The Census Bureau had only one job: count the population for the purpose of apportioning political representation and direct taxation. Yet since 1960, when the Census Bureau stopped collecting citizenship information on every U.S. resident, census-taking has evolved into a powerful tool of ethnic lobbyists seeking preferential federal government treatment and the benefits associated with it.

Race and ethnicity questions on census questionnaires are not new, although they were generally inserted when such information was believed necessary to fulfill the Census Bureau's constitutional mandate related to representation and taxation.

A "Race" question was part of the original 1790 census, for example, when in the early days of American history blacks were counted as 3/5 of a person for representation purposes.

Following the first mass wave of immigration in the 1840s, a "Place of Birth" question was inserted in the 1850 census to distinguish between native-born and foreign-born persons, and citizenship/naturalization questions were asked of everyone between 1890 and 1950.

"Indian" was inserted in 1860 to distinguish between "Taxed American Indians" who chose U.S. citizenship rights with taxable status and those who retained non-citizenship tribal rights with non-taxable status.

Ethnic Group Lobbying

Ethnic questions on census forms at the bidding of special interest groups seeking preferential federal treatment and benefits, however, are a relatively new phenomenon, as the evolution of the Census Bureau's "Hispanic Origin" question illustrates.

Mexican-American advocates were offended when, in 1930, the Census Bureau first introduced "Mexican" as a Race/Color category. Mexicans had always been counted in the white race since they were deemed to be of European Spanish descent, and advocates fought to retain their white racial status. With assistance from the Mexican government, activists lobbied successfully to have the "Mexican" designation removed from the 1940 census.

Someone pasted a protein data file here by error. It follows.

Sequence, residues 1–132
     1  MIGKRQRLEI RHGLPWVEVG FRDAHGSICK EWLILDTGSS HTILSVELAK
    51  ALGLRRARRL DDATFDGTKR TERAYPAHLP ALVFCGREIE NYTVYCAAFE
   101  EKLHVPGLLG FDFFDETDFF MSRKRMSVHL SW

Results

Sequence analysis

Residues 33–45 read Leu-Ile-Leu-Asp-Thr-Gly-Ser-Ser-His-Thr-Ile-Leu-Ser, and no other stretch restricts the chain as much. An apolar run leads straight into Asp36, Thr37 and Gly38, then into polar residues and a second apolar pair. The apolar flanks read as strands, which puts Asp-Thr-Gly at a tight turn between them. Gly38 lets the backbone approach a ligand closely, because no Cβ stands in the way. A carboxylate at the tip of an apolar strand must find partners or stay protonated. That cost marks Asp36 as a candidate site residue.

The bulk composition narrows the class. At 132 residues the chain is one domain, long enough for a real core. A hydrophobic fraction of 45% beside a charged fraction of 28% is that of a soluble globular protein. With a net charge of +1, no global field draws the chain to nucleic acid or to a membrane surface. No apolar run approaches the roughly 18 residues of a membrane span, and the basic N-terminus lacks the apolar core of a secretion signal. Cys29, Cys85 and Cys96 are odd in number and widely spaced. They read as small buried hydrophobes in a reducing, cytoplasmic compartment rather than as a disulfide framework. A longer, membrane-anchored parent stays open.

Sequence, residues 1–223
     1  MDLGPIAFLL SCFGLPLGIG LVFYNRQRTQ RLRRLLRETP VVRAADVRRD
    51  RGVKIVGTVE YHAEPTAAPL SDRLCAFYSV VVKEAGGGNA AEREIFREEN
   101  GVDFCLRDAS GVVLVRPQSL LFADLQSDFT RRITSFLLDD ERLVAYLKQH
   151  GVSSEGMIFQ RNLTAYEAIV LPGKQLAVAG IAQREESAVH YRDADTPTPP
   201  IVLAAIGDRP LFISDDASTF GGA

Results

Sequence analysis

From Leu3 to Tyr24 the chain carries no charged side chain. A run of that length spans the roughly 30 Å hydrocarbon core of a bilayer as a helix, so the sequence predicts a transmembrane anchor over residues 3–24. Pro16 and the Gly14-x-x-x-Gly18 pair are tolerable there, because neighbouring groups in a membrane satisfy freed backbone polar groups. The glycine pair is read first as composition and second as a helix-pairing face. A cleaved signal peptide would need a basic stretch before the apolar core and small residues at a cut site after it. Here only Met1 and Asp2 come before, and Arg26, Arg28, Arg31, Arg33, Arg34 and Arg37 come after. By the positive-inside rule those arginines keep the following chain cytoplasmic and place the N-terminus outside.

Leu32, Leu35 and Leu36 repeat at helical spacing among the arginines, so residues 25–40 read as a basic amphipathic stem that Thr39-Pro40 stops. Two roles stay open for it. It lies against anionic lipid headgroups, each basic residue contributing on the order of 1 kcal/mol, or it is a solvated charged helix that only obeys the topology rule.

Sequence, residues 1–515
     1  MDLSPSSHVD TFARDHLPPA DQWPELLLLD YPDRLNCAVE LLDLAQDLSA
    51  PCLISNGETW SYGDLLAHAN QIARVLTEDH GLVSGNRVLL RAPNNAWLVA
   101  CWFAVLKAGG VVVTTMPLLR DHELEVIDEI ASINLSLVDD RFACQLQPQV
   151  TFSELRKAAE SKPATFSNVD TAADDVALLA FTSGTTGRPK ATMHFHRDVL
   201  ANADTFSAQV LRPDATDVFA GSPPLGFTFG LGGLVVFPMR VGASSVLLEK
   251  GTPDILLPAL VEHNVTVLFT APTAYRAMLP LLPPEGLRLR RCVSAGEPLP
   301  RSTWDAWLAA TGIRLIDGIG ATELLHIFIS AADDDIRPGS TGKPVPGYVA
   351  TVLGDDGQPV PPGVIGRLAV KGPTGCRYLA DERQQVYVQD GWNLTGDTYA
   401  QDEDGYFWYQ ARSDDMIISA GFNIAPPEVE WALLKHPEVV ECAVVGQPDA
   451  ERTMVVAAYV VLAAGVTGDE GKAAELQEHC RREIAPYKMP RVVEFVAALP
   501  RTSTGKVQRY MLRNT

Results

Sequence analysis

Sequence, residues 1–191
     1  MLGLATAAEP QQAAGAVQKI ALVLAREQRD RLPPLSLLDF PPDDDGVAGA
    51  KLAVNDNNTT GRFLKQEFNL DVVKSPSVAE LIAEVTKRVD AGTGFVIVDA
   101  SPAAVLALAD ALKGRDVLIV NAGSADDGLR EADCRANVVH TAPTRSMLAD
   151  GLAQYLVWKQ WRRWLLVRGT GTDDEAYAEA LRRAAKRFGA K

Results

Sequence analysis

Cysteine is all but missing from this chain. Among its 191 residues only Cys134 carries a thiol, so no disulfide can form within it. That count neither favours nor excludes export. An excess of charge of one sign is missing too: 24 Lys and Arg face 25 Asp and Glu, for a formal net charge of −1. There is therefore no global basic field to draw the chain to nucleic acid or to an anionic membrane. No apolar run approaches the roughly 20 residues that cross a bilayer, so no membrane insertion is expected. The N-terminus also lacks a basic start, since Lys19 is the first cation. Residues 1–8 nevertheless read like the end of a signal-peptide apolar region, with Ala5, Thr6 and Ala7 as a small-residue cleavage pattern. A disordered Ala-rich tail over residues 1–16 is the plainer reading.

Hispanic lobbyists changed their minds in the 1960s following two major federal legislative initiatives. The 1965 Immigration and Nationality Act Amendments created a preference system giving higher priority to family unification, which was perceived as a huge benefit to Hispanics. Civil Rights legislation—designed to respond to historical mistreatment of black Americans—introduced a unique financial incentive: it became beneficial, in terms of federal social, economic and housing programs, to be identified as a "minority."

Hispanics were still part of the white race, however, so they did not qualify as a racial minority. Seeking another route to preferential federal minority status, advocates lobbied intensively for a special Hispanic identification question in censuses.

Yielding to pressure, the Johnson Administration directed the Secretary of the Commerce to add a new "Hispanic Origin" question to the 1970 Census long form, which was given to a sampling of the U.S. population.

By 2010, the Hispanic lobby achieved unparalleled success when Hispanics became the only ethnicity included in the 10 mandatory questions required of every U.S. resident. Five of the mandatory questions were related to residence and contact information. The remaining five questions were: